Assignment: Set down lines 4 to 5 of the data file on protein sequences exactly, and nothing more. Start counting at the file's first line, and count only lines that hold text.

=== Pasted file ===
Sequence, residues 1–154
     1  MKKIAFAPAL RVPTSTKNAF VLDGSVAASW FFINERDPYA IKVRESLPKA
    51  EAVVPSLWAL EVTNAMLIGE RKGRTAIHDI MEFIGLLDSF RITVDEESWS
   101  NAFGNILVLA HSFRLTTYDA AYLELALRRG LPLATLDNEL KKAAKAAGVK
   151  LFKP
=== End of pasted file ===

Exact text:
   101  NAFGNILVLA HSFRLTTYDA AYLELALRRG LPLATLDNEL KKAAKAAGVK
   151  LFKP